25 years after Roe, 35 million stories

January 20, 1998|By Ellen Goodman

BOSTON -- A quarter-century ago, on the day after the Supreme Court overturned the laws that had made abortion in America a criminal act, the New York Times editorial writers offered a prediction: ''The court's 7-2 ruling could bring to an end the emotional and divisive public argument over what always should have been an intensely private and personal matter.''

So much for editorial prescience.

This year, as both sides hunker down Thursday for the silver anniversary, the public argument is as emotional and divisive as ever. In Roe vs. Wade, the court declared a complex medical and legal compromise. But there is no political compromise between advocates who call themselves pro-choice and those who call themselves pro-life.

In the past 25 years, those in favor of abortion rights went from the offense to the perpetual defense. Those who oppose abortion have tried to make it illegal or at least impossible, chipping away, state by state, rule by rule, clinic by clinic.

Technological breakthroughs

Has anything changed in this ideological stalemate? Much is being said about how technology has refocused the public eye on the fetus. Indeed, since Roe we've seen sonograms and fetal surgery. Infertility now evokes more sympathy than unwanted pregnancy. The ability to ''save'' smaller babies threatens to collide with the right to abort fetuses.

But something else has changed that is equally dramatic and more often overlooked. To put it in simple demographic terms: Since the Supreme Court decision, some 21 million American women have chosen to have 35 million abortions.

As the legal, political and ethical arguments have raged, as ambivalent Americans have been pulled by arguments on both sides, these women became their own moral decision-makers.

The latest figures from the Guttmacher Institute relay a welcome drop in the number of unplanned pregnancies.

But the report also passes along the news that 48 percent of women 15 to 44 have had at least one unplanned pregnancy in their lives. At current rates, 43 percent of American women will have had an abortion by age 45.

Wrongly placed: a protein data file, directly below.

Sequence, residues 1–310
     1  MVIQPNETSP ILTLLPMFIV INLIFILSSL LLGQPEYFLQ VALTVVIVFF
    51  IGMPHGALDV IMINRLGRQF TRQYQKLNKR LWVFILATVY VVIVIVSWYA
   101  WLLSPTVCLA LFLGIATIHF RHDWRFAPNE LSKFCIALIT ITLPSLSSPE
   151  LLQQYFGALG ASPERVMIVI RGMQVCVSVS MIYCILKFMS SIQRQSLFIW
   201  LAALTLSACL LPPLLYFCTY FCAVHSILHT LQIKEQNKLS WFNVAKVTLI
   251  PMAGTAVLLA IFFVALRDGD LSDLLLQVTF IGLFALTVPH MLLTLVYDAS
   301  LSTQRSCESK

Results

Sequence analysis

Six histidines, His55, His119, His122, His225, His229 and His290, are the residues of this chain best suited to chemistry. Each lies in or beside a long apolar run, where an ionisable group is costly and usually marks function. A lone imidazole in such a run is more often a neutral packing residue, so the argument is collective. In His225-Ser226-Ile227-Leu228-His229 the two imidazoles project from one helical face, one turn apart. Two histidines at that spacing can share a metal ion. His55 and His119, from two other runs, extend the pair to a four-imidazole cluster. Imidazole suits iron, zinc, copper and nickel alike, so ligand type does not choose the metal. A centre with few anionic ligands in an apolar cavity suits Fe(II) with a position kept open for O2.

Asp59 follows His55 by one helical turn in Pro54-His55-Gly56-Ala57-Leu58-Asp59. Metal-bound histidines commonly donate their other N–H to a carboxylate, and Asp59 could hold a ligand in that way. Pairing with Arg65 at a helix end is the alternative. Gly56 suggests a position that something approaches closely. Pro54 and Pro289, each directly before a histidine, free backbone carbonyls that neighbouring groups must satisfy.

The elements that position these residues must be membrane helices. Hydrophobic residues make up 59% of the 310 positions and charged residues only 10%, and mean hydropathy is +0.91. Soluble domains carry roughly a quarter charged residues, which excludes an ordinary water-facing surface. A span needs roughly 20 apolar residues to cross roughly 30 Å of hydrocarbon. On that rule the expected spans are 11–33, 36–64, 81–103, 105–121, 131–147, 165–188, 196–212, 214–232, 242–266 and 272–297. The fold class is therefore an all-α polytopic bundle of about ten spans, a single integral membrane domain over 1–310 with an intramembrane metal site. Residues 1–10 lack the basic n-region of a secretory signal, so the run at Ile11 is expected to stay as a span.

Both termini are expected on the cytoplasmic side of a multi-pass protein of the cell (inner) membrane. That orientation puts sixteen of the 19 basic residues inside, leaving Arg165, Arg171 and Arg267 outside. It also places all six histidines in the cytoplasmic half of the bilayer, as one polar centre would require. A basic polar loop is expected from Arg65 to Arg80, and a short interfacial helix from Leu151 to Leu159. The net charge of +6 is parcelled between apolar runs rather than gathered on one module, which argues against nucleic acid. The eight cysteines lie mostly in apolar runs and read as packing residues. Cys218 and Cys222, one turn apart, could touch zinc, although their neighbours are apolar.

In the post-Roe era, abortion in America is safe, legal and common.

Among this huge and often too silent number, some women called themselves pro-choice before they were unexpectedly pained by the decision they faced.

Others considered themselves pro-life before they came up against their own hard realities.

Some experienced abortion as little more than an unpleasant office visit; others as a traumatic event. Some look back with relief and some with regret.

Complicated life stories

But it is safe to say that most pregnant women confront the crisis of an unplanned pregnancy with a more complicated life story than the pro-life forces will admit. And with more complex moral feelings than pro-choice groups feel safe to acknowledge.

American public opinion today is not all that different from the Supreme Court decision of 25 years ago.

We are more comfortable with early abortions, less comfortable as the pregnancy goes on.

We don't want women to suffer as they did in pre-Roe days. Nor do we want women to take abortion too ''lightly.''

At current rates, 43 percent of American women will have had an abortion by age 45.

In public policy, it seems we are continually calibrating just the ''right'' amount of suffering, the ''right'' number of hurdles -- waiting periods, money, parental permission slips -- a woman should face before an abortion.

In the public image, we often portray women from 14 to 45 who choose abortion as irresponsible, untrustworthy, while those who choose motherhood are self-sacrificing and ''good.''

Rights and responsibilities

But even in an increasingly conservative climate, these 21 million -- and the men, the mothers, the children, the friends in their lives -- know something else.

So do the millions of women who had the choice and made the decision to go ahead with an unplanned pregnancy. They know the real stories. They know what it means to have the right and the responsibility.

A quarter-century ago, before sonograms or morning-after pills, a 26-year-old lawyer, Sarah Weddington, told the Supreme Court, ''We are not here to advocate abortion.

"We are here to advocate that the decision as to whether or not a particular woman will continue to carry or will terminate a pregnancy is a decision that should be made by the individual.''

Since then, many Americans may have forgotten what it was like to risk life in a back alley, but many have learned what it is like to determine their own future.

I hold no illusions about an end to this ''emotional and divisive public argument.'' It will be shaped by politics and medicine, by abstract arguments about ''life.''

But in the next 25 years it will also -- and I think, most fundamentally -- be shaped by women looking at their own lives.

Women who know the importance of having a choice, however hard. Not the government's choice, their own.

Ellen Goodman is a syndicated columnist.

Pub Date: 1/20/98

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